But it’s the ability to make mistakes that makes a tried-and-true performer. When I was on The Colgate Comedy Hour [in the early 1950s], I worked with Eddie Cantor, Ed Wynn—one of the greatest comedians and actors that ever lived—and Jimmy Durante. You can’t ask for better than that. And it was great format. We had three and a half weeks to work on a show. It was a family-style thing. We used to walk on when someone was doing a handstand, crazy; we’d break them up. And it was great because it was live. They couldn’t cut out the mistakes. And that’s what audiences love.

One of the funniest things I’ve ever seen was a TV show with Joseph Cotten, Ethel Barrymore—Hallmark Hall of Fame, I believe. A highly dramatic show in which they shoot this guy and cover him with a rug. They got the wrong camera, and you saw the corpse get up with the rug over his head and walk off. In a bent position. It was marvelous. To hell with what the show said; that was funny.

Donald O’Connor:
The complete footage

Sing You Sinners 1938
Sons of the Legion 1938
Men With Wings 1938
Tom Sawyer, Detective 1938
Unmarried 1939
Death of a Champion 1939
Million Dollar Legs 1939
Night Work 1939
On Your Toes 1939
Beau Geste 1939
Private Buckaroo 1942
Give Out Sisters 1942
Get Hep to Love 1942
When Johnny Comes Marching Home 1942
Strictly in the Groove 1943
It Comes Up Big 1943
Mister Big 1943
Top Man 1943
Chip off the Old Block 1944
This Is the Life 1944
Follow the Boys 1944
The Merry Monahans 1944
Bowery to Broadway 1944
Patrick the Great 1945
Something in the Wind 1947
Are You with It? 1948
Feudin’, Fussin’ and A Fightin’ 1948
Yes Sir, That’s My Baby 1949
Francis 1949
Curtain Call at Cactus Creek 1950
The Milkman 1950
Double Crossbones 1950
Francis Goes to the Races 1951
Singin’ in the Rain 1952
Francis Goes to West Point 1952
Call Me Madam 1953
I Love Melvin 1953
Francis Covers Big Town 1953
Walking My Baby Back Home 1953
Francis Joins the WACs 1954
There’s No Business Like Show Business 1954
Francis in the Navy 1955
Anything Goes 1956
The Buster Keaton Story 1957
Cry for Happy 1961
The Wonders of Aladdin 1961
That Funny Feeling 1965

Originally published:
Volume 1, Number 3
October 13, 2003
Copyright ©2003 by Mindy Aloff



Index of Reviews
Index of Writers
Back Issues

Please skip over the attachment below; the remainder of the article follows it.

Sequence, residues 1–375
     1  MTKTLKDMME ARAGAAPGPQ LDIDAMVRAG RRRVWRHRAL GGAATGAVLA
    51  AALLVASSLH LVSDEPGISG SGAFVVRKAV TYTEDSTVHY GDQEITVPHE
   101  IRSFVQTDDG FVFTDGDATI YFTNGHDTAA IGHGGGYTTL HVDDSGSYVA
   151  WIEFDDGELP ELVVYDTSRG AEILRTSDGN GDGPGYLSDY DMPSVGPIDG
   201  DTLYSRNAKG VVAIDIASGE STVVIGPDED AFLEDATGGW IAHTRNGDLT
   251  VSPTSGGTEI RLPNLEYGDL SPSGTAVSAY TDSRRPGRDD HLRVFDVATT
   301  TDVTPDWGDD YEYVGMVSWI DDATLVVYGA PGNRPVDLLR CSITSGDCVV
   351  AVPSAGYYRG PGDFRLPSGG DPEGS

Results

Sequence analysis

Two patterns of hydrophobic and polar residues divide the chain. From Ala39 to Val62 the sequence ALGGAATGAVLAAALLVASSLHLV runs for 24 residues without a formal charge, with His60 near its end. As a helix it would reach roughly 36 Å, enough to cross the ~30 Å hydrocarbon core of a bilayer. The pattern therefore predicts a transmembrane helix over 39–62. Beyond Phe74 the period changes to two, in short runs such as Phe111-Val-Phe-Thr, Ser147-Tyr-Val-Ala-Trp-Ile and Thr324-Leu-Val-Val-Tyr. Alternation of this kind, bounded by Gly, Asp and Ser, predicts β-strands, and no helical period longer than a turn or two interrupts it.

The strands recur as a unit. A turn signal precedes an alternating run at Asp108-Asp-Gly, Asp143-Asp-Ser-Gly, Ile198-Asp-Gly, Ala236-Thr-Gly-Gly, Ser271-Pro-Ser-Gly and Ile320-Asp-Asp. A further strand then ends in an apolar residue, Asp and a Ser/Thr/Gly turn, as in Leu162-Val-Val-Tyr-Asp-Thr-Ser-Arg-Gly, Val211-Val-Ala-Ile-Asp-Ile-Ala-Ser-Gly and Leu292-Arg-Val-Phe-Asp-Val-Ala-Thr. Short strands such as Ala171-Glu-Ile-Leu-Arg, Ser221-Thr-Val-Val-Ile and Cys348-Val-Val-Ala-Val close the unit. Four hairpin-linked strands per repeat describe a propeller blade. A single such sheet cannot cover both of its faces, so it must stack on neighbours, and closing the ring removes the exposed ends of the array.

About Us

Sister Sites:
Ballet Alert! Online
Ballet Talk
Ballet Blogs


This weeks' articles


Mindy  Aloff's Letter from New York

The Balanchine Celebration
New York City Ballet:
A Veteran and a Raw Recruit
by Mindy Aloff

Heart and Soul
by Mary Cargill

Kid Stuff
Cas Public's If You Go Down To the Woods Today
by Susan Reiter

San Francisco Ballet:
New Wheeldon (Rush)
by Rita Felciano

New Tomasson (7 For Eight)
by Paul Parish

Possokhov's New Firebird for OBT
by Rita Felciano

Moscow Festival Ballet and Scott Wells
by Paul Parish

Hamburg Ballet's Nijinsky:
Nijinsky—Lost in the Chaos
by Clare Croft

NijinskyMadness and Metaphor
by Alexandra Tomalonis

Nijinsky and the Ballets Russes
by George Jackson

Batsheva: Breaking Down Walls
by Lisa Traiger

Ronald K. Brown/Evidence
by Clare Croft

Choreographers Showcase
by Tehreema Mitha

Zoltan Nagy
by George Jackson






Mindy Aloff
Dale Brauner
Mary Cargill
Nancy Dalva
Gia Kourlas
Gay Morris
Susan Reiter
Alexandra Tomalonis(Editor)
Meital Waibsnaider
Leigh Witchel
David Vaughan


The Autumn DanceView is out:

New York City Ballet's Spring 2003 season reviewed by Gia Kourlas

An interview with the Kirov Ballet's Daria Pavlenko by Marc Haegeman

Reviews of San Francisco Ballet (by Rita Felciano) and Paris Opera Ballet (by Carol Pardo)

The ballet tradition at the Metropolitan Opera (by Elaine Machleder)

Reports from London (Jane Simpson) and the Bay Area (Rita Felciano).

DanceView is available by subscription ONLY. Don't miss it. It's a good read.  Black and white, 48 pages, no ads. Subscribe today!

DanceView is published quarterly (January, April, July and October) in Washington, D.C. Address all correspondence to:

P.O. Box 34435
Washington, D.C. 20043


Copyright ©2003 by by DanceView
last updated on October 7, 2003